Exactly! We can’t think of many people who wouldn’t love this job either. Aerospace engineering is one of those careers that allow individuals to work with cutting-edge technology across multinational companies. When we say reach for the stars, we mean it! To find out more about this career, keep on reading.
What is aerospace engineering?
Now, what does aerospace mean? It’s the branch of industry and technology that revolves around space flight and aviation. But, what is aeronautical engineering and is it different from astronautical engineering? The aerospace field has two major branches, aeronautical and astronautical. There is also avionics, which is similar but works with the electronics side. An aeronautical engineer will focus on the flight within the Earth’s atmosphere, whereas astronautical jobs will look at travel in space. Aerospace covers both of these realms. You may find individuals working with aeronautical engineering companies, or astronautical instead. Then you might have someone who can cover both, as aerospace encompasses it all.
What is an aerospace engineer?
As a type of aviation engineer, you’ll research, develop, design and test civil and military aircraft, satellites, missiles, weapon systems and space vehicles. You may also work across the various components inside the plane. Your title may fall within astronautical, aeronautical, aerospace or even rocket engineering. Aerospace engineers use to improve fuel efficiency, speed and weight and flight safety. They may also try to reduce system costs. The environment also plays a key factor, as you’ll focus on the impact it has on air travel. Some engineers specialise in a particular area like, avionics, systems integration, avionics, aerodynamics and materials and structures.
Well, the starting aircraft engineer salary is usually between £20,000 and £28,000.
What does an aerospace engineer do?
So, what do aerospace engineers do? The responsibilities of aviation engineering depend on the specialist area and the company you work for, however, there are several duties that crossover between jobs. Aerospace engineers need to apply the principles of technology and science to produce components, equipment and aircraft. Also, researching and creating design specifications are part of the role, alongside utilising CAD (computer-aided design) to draw up plans.
Much like plane engineering, they’ll oversee the installation of instruments and engines as well as airframe assembly. Testing programmes to record stall speeds, landing, manoeuvrability, climbing rate, and take-off capacities are common. Aeronautical engineers will need to resolve problems that may occur during the planning, development and testing process, which may lead them to modify designs, increase safety measures and reduce pollution and fuel consumption.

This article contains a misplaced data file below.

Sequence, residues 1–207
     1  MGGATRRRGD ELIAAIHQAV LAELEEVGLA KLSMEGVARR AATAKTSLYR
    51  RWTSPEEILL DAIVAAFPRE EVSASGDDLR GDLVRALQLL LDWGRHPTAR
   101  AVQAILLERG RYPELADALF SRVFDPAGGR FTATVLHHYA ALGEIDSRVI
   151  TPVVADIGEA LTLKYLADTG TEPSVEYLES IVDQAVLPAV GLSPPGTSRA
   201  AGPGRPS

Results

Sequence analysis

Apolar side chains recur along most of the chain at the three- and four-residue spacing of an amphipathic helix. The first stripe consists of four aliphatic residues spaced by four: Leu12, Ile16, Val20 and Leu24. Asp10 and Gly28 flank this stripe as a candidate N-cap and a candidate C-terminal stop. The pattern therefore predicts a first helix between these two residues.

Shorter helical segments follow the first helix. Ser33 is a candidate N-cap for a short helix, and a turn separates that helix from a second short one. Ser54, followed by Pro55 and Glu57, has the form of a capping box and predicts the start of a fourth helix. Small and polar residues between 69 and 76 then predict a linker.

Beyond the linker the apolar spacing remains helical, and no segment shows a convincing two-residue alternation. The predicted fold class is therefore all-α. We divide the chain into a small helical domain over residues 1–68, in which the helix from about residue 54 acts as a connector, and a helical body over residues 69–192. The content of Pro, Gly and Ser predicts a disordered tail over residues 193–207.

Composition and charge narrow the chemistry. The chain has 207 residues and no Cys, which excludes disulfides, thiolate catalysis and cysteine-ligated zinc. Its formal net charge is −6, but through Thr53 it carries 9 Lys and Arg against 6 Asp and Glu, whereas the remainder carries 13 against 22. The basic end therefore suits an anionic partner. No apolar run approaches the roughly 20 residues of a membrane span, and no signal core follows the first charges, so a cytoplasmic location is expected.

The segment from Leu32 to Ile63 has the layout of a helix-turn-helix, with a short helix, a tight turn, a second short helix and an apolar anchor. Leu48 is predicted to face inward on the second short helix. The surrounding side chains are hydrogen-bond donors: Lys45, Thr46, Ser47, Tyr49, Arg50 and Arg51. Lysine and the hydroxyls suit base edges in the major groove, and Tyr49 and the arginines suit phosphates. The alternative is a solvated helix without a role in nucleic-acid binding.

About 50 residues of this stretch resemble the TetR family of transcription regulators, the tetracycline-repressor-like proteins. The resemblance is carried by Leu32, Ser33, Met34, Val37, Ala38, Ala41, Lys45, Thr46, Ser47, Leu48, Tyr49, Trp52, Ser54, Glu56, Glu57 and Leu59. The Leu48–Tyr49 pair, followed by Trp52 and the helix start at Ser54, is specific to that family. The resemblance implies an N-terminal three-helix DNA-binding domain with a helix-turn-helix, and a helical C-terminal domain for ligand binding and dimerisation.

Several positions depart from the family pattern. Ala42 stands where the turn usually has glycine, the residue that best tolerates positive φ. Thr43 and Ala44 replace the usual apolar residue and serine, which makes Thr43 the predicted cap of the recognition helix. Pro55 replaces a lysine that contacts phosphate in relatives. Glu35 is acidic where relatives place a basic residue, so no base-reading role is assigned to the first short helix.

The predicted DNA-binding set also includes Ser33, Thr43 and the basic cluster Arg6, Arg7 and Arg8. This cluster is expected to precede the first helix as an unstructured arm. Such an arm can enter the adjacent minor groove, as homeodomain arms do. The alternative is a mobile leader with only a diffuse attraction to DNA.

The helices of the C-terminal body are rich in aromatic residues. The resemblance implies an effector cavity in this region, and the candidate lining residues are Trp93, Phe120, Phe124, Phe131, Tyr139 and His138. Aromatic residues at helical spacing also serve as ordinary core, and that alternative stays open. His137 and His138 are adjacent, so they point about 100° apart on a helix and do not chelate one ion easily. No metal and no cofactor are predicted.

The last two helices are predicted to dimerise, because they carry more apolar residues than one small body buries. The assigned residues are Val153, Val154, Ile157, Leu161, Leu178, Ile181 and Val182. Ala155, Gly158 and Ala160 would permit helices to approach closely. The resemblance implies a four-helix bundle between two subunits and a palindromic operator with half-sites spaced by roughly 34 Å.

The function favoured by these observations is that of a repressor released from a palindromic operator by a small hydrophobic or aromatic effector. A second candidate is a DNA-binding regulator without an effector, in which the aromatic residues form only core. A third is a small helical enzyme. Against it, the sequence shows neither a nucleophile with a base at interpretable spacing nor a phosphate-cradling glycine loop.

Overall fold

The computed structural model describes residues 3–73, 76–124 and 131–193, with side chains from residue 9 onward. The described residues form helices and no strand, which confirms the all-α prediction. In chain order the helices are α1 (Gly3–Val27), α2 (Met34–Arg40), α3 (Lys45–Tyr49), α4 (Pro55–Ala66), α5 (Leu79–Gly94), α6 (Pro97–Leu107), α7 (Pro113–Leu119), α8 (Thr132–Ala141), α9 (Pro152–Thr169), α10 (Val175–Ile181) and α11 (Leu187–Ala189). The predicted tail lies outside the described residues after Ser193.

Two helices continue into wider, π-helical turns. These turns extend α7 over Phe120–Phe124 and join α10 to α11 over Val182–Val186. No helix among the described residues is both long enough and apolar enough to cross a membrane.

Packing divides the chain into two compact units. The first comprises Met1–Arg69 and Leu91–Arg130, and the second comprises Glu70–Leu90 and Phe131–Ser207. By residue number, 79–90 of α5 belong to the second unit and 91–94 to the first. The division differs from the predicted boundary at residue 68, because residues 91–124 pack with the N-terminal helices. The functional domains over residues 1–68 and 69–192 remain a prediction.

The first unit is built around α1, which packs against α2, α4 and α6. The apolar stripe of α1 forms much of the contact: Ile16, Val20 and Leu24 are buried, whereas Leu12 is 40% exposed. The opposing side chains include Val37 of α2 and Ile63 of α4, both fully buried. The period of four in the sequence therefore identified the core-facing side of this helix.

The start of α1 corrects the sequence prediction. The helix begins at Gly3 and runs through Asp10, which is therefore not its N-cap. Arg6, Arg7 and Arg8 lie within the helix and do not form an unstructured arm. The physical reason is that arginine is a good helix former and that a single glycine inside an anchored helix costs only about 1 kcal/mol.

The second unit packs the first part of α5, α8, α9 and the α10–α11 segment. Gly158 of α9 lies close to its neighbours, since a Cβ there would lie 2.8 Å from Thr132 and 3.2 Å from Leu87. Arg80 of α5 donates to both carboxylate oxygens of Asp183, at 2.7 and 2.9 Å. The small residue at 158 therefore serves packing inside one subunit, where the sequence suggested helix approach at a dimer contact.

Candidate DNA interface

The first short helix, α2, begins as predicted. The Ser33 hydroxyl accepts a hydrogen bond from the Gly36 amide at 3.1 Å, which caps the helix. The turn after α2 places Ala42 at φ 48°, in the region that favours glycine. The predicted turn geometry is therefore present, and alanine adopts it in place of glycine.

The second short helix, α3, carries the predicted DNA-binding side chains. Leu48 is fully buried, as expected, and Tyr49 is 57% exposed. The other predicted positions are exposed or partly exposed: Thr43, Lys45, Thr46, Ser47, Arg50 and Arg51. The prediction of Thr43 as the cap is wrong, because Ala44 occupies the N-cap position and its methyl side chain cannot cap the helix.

Analysing data and collating information of projects, communicating technical advice to teams, clients, and suppliers are also essential tasks. Additionally, performing regular inspections, maintaining the aircraft for operation through repairs, and servicing are vital responsibilities. An aerospace engineer will investigate accidents, fill in technical report forms and keep in constant communication with clients, suppliers and other professionals within the industry.
Although this branch of engineering is specialised in aircraft, it features the same responsibilities as other areas. For example, what do mechanical engineers do? They’ll design and install power-producing machines, from turbines to generators which consist of planning, implementation and maintenance. A chemical engineer will look at how compounds of materials and mix and form together to make new materials to create products. Then we have an automobile engineer who’ll understand the ins and outs of cars and vehicles and their components, and again design, install and test equipment.
How to become an aerospace engineer?
What do aeronautics study? There are specific aerospace engineering qualifications you can undertake in the form of undergraduate and postgraduate degrees. Undergraduate courses will encompass engineering in aerospace, whereas the higher level allows you to specialise, possibly, aerodynamic engineering or astronautical. If you want to enter this profession, there are aerospace engineering requirements in the form of studying a specific or related degree.
Other relevant subjects include mathematics, mechanical engineering, computer science, electrical engineering, software engineering, space-related courses and physics. Also, manufacturing engineering, applied physics, and production engineering are acceptable to employers. Most individuals focus on flight and aircraft in jobs with an engineering degree. Some prominent aerospace companies may offer students a graduate training scheme who have a 2:1 degree or higher.
How to become an aircraft engineer without a degree? It’s not common for candidates with an HND to enter these programmes so you’ll need to complete a degree to apply. However, if you only have an HND or foundation degree, you may be able to start at the bottom and work your way up from a technical level or apprenticeship. But if an airplane engineer is a goal, you’ll need to complete further study, and in particular instances, employers can fund or support your development.